Teen birth rates in California and across the country are on the decline, but the Central Valley continues to have some of the highest numbers in the state. For years, some of the Valley’s school districts were reluctant to teach medically accurate sex education and have failed to provide services that would allow teen mothers to succeed.
While a new law requires school districts to teach comprehensive, unbiased sex education, critics worry that Valley teens still won’t get the support they need to prevent teen pregnancy, putting some of the state’s most vulnerable youth further at risk.
The Fresno area has a complicated history with sex education. In 2011, Fresno Unified stopped teaching the only class that covered sex education due to budget cuts. At neighboring Clovis Unified, a Fresno County judge ruled in 2015 that the district had for years failed to adequately teach sex education, failing to include lessons on sexually transmitted diseases and pregnancy prevention. The judge ruled the district was also guilty of “promoting and reinforcing bias in gender and sexual orientation.” The American Civil Liberties Union became involved in that case and asserted that the district’s high school curriculum provided no information about how to prevent STDs and taught abstinence only, showing students a video “that compared a woman who was not a virgin to a dirty shoe.”
In the past year, Fresno Unified — the state’s fourth-largest school district — has had to make changes to its sex ed policy, and some school leaders have voiced their concerns about the California Healthy Youth Act, a state bill signed into law in 2015, arguing that its requirements are too progressive. The law mandates schools teach students about “all legally available pregnancy outcomes” including abortion, and requires lessons to cover all sexual orientations.
But the data makes clear that the Valley is not catching up to the rest of the state when it comes to effective birth control for teens. Fresno County has the sixth-highest teen pregnancy rate in the state, while nearby Tulare and Madera counties rank third and fourth-highest. Fresno County also ranks among the highest for STD rates — another topic that is supposed to be taught in sex education classes. According to a report in 2016, the county has the second-highest rates in California when it comes to syphilis and chlamydia, and third for gonorrhea.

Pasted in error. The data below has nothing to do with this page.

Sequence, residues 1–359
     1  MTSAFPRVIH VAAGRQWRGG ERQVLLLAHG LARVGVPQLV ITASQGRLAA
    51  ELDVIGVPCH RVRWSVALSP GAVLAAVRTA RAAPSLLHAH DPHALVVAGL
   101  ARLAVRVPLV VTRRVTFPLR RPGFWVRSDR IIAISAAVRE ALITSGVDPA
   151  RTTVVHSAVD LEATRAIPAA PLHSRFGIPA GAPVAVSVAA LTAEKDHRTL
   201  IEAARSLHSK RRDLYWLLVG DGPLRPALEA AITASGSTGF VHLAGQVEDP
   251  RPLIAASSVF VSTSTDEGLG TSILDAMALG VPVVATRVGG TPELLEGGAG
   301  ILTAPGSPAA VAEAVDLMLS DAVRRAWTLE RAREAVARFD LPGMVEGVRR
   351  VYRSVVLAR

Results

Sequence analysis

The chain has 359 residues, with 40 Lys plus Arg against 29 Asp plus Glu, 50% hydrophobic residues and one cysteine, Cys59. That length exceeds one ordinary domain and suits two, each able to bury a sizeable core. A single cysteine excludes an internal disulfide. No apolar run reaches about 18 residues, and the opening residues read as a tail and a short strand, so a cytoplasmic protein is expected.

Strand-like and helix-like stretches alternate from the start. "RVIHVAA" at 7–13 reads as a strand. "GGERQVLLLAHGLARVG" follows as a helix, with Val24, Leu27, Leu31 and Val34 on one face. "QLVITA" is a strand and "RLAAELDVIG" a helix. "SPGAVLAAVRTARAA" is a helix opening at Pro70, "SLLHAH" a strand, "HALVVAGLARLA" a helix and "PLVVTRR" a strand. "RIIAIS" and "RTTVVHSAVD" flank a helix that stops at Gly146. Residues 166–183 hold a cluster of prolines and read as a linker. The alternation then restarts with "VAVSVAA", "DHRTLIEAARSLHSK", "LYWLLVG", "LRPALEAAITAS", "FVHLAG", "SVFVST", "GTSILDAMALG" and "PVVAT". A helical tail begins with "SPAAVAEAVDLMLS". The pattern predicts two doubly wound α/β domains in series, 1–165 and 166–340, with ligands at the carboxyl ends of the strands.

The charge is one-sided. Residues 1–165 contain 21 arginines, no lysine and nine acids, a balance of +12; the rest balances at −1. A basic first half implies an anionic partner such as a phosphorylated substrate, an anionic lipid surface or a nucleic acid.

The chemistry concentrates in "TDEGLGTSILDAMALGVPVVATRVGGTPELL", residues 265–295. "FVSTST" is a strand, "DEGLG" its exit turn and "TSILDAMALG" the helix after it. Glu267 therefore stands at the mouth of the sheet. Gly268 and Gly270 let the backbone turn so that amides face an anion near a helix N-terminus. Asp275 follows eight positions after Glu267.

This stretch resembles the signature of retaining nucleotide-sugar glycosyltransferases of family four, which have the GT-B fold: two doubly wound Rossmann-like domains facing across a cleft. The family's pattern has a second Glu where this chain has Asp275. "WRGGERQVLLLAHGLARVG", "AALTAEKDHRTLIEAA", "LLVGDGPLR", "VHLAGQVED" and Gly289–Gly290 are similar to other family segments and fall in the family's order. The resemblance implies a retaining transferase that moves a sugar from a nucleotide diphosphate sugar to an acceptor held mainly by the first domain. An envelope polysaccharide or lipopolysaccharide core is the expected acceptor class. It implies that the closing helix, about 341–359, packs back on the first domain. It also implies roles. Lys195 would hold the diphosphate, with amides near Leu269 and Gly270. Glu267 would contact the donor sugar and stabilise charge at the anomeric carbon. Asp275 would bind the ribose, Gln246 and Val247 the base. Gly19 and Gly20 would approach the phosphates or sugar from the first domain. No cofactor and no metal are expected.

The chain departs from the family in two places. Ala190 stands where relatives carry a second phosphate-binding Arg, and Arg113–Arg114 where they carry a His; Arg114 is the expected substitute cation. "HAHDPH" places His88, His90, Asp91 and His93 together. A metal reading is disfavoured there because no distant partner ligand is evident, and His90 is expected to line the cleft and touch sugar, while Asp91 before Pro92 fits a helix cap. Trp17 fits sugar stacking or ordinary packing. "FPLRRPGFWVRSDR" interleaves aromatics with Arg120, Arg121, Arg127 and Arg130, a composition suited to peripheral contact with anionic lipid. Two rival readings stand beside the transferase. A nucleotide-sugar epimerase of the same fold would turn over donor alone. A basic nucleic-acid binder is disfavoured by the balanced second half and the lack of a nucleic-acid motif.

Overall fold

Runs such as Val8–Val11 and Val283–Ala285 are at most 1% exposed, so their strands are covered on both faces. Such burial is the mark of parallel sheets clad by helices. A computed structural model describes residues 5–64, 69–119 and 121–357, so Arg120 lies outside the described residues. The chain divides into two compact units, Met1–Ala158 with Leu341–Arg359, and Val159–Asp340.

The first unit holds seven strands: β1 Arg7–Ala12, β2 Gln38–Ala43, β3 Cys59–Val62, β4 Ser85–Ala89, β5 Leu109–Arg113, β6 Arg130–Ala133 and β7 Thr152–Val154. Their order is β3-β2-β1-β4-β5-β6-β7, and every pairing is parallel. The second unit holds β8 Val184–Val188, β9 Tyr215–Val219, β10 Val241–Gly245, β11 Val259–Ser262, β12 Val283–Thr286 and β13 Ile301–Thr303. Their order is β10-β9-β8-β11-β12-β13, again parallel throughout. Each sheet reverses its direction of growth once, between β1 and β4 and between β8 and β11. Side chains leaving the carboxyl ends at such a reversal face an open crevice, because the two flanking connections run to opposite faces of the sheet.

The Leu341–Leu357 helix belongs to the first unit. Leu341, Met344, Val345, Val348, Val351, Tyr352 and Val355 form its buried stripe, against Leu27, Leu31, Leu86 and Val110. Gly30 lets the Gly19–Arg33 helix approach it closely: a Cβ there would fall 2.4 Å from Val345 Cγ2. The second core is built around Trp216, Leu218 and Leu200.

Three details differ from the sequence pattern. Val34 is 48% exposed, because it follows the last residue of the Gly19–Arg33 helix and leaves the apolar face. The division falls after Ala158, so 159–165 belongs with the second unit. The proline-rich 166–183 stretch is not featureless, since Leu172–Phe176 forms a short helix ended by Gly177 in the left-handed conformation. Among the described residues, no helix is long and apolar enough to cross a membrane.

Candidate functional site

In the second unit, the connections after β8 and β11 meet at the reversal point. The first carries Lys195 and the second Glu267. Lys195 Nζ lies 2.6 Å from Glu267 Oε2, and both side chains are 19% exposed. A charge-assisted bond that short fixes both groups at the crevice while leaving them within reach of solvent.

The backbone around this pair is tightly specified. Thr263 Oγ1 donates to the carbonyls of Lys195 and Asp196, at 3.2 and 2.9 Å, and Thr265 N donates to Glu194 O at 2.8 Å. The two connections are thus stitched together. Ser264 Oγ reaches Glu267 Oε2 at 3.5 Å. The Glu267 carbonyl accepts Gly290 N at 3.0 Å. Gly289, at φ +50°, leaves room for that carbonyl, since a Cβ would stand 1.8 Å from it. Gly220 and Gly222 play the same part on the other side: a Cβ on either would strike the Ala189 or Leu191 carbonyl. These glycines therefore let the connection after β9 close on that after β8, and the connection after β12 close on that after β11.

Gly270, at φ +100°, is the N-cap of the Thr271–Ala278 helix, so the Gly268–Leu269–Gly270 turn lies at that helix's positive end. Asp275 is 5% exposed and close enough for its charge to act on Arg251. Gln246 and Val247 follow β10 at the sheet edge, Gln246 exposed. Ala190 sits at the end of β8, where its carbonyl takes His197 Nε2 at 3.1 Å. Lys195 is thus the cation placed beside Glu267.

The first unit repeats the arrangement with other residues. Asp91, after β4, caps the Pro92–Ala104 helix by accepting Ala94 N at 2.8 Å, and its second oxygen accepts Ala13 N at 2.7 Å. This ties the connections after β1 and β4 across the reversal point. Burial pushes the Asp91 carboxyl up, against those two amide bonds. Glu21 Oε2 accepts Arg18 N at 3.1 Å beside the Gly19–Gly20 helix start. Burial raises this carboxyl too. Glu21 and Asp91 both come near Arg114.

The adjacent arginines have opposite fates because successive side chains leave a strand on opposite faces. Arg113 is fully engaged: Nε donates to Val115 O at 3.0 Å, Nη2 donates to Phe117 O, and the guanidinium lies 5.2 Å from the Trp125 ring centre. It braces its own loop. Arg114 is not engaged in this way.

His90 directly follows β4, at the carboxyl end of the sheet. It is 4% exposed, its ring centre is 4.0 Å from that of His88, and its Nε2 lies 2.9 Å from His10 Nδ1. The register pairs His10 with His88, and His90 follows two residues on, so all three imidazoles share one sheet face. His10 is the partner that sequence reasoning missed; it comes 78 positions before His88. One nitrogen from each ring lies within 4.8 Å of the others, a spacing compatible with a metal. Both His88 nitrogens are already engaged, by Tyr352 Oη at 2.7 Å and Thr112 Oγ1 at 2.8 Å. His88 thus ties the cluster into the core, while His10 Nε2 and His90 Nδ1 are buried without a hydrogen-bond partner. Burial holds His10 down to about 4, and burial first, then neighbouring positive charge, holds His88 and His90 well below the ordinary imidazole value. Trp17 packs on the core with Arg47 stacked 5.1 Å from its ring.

These areas are some of the state’s poorest, where a majority of teen moms are Latina. For my 2017 California Fellowship project, I plan to travel to rural communities and school districts to investigate their approach to sex education, as well as shadow local teen moms at different stages of parenthood. I also want to talk to former teen moms about their past experiences.
This project will combine a focus on education policy, politics and health, with on-the-ground reporting. How have barriers to comprehensive sex ed created problems for poor teen mothers? How is the health of a young mother — and her child — impacted when prenatal healthcare is not readily accessible? How do politics and a community’s ideology impact a teen mother’s decisions about her body? These are some of the tough questions I’m hoping to tackle with this project.
[Cropped photo by romana klee via Flickr.]